LCRA and City of Shiner award $25,000 grant to Gaslight Theatre
New, energy-efficient lighting system will improve theatre safety, reduce operating costs
May 26, 2022
SHINER, Texas – The Gaslight Theatre will replace outdated lighting in the historic Shiner Opera House with an energy-efficient system, thanks to a $25,000 grant from the Lower Colorado River Authority and the City of Shiner.lcra.org/cdpp.The Community Development Partnership Program grant, along with $28,738 in matching funds from the theatre, will reduce the facility’s energy costs and fire risk, and allow for more dynamic lighting during productions at the 132-seat opera house. “It was built in 1895, and back in those days it was the social center of Shiner, really the whole area around south-central Texas,” said Josh Kaspar, chair of the Gaslight Theatre board of directors, whose family has been involved with the opera house for five generations. “The lighting is going to enrich our theatre so much because it has colored lights and all kinds of effects,” Kaspar said. Theatre operations closed in 1927, and the building served as a warehouse and apartments until the nonprofit Gaslight Theatre’s board revived the opera house in the 1970s. The current lighting system dates back to the theatre’s reopening, and over the years, only temporary stage light improvements have been made. “I called it ‘mud daubering,’” Kaspar said. “We kept putting lights here and there to try and fill the lighting gaps and shadows and things like that until we had a ceiling just covered with electric plugs.” Kaspar said the primary motivations for installing new lighting were efficiency and safety. The outdated system produced substantial heat, requiring the air conditioner to be run on high throughout each production. Its age also posed potential safety risks for performers and patrons. Each year, over 3,900 people visit Shiner for Gaslight Theatre productions, with many visitors traveling from across the state and some from as far as Germany and Ireland. “Every time we have a play, all the bed and breakfasts sell out,” Kaspar said. “All hotels sell out. The restaurants are full because people usually end up staying the whole weekend. So, it impacts a lot of people. That really brings in a lot of wealth to our little community.” The theatre struggled throughout the pandemic with no revenue coming in, but the theatre’s board has remained committed to its preservation and improvements. “This is the second grant that LCRA has given us,” Kaspar said. “They got us a new roof so the building didn’t get run down, and now they’re giving us this great lighting system that we’ve been dreaming of for 20 years.” The community grant is one of 36 grants awarded recently through LCRA’s Community Development Partnership Program, which helps volunteer fire departments, local governments, emergency responders and nonprofit organizations fund capital improvement projects in LCRA’s wholesale electric, water and transmission service areas. The program is part of LCRA’s effort to give back to the communities it serves. The City of Shiner is one of LCRA’s wholesale electric customers and is a partner in the grant program. Applications for the next round of grants will be accepted in July. More information is available at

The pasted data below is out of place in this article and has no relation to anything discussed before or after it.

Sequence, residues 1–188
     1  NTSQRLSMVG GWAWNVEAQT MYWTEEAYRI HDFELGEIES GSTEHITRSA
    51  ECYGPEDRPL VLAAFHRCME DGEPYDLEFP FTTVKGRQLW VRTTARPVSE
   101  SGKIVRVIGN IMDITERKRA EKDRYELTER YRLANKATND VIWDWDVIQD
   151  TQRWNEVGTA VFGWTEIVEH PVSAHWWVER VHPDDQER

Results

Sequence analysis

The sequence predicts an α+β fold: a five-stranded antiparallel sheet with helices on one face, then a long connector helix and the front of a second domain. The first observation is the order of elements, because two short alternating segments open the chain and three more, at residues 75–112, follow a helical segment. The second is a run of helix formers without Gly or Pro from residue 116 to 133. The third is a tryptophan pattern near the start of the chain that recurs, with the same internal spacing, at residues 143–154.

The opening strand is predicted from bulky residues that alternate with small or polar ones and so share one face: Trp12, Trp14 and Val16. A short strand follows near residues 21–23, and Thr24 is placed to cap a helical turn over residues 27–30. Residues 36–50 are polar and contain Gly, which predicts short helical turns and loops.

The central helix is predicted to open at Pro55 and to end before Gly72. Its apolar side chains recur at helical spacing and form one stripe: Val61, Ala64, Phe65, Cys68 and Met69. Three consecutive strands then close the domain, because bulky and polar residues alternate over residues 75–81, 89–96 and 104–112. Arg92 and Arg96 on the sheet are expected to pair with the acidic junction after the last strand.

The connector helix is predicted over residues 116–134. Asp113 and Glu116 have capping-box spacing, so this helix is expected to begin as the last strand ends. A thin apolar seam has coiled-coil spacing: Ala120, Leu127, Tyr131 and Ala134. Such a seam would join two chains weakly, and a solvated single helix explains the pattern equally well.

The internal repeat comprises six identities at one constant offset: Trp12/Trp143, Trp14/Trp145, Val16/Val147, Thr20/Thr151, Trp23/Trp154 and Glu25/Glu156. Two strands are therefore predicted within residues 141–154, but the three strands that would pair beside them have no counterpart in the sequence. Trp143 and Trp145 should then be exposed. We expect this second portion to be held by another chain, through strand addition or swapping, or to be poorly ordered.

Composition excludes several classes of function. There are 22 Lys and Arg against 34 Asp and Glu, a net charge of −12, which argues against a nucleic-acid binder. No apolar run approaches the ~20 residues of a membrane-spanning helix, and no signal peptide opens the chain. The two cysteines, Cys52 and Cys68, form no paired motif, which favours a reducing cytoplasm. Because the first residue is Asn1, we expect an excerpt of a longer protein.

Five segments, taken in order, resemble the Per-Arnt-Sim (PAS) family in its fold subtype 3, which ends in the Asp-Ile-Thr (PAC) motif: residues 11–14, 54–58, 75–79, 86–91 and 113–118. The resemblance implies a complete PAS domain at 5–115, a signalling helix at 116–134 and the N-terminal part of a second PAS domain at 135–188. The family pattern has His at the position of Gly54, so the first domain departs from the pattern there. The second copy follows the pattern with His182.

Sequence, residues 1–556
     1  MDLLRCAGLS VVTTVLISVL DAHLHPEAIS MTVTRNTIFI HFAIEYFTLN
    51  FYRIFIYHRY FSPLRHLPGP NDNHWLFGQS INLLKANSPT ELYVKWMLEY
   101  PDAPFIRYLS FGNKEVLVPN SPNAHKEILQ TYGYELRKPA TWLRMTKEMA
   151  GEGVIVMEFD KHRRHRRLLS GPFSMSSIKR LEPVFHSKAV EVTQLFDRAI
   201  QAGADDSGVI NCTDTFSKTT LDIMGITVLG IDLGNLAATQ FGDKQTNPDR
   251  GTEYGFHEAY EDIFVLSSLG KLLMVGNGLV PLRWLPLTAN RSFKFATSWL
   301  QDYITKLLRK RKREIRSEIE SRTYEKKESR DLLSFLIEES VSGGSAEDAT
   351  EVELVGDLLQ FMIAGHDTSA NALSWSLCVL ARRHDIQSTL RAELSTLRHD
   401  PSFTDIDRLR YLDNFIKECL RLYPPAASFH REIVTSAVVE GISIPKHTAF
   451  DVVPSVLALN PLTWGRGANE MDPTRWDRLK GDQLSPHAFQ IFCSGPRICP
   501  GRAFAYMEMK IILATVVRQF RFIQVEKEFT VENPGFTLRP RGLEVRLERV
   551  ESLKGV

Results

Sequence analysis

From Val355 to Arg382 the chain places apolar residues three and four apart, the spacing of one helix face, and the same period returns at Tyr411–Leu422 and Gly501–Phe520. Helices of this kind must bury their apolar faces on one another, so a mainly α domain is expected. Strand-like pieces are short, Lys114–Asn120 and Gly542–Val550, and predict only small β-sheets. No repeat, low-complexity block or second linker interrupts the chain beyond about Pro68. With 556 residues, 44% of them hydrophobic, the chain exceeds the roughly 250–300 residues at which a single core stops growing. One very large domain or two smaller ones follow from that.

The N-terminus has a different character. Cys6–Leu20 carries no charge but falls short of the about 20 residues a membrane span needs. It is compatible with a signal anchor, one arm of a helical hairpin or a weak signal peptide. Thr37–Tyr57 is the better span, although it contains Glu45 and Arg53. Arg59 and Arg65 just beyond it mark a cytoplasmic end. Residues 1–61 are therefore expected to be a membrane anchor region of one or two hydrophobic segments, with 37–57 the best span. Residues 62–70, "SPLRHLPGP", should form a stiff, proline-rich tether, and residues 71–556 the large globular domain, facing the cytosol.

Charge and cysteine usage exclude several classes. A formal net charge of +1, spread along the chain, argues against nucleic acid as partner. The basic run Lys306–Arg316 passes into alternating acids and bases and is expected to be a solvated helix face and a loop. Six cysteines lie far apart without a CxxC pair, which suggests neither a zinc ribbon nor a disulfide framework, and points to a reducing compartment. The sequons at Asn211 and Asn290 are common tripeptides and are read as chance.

The Lower Colorado River Authority serves customers and communities throughout Texas by managing the lower Colorado River; generating and transmitting electric power; providing a clean, reliable water supply; and offering outdoor adventures at more than 40 parks along the Colorado River from the Texas Hill Country to the Gulf Coast. LCRA and its employees are committed to fulfilling our mission to enhance the quality of life of the Texans we serve through water stewardship, energy and community service. LCRA was created by the Texas Legislature in 1934 and receives no state appropriations. For more information, visit lcra.org.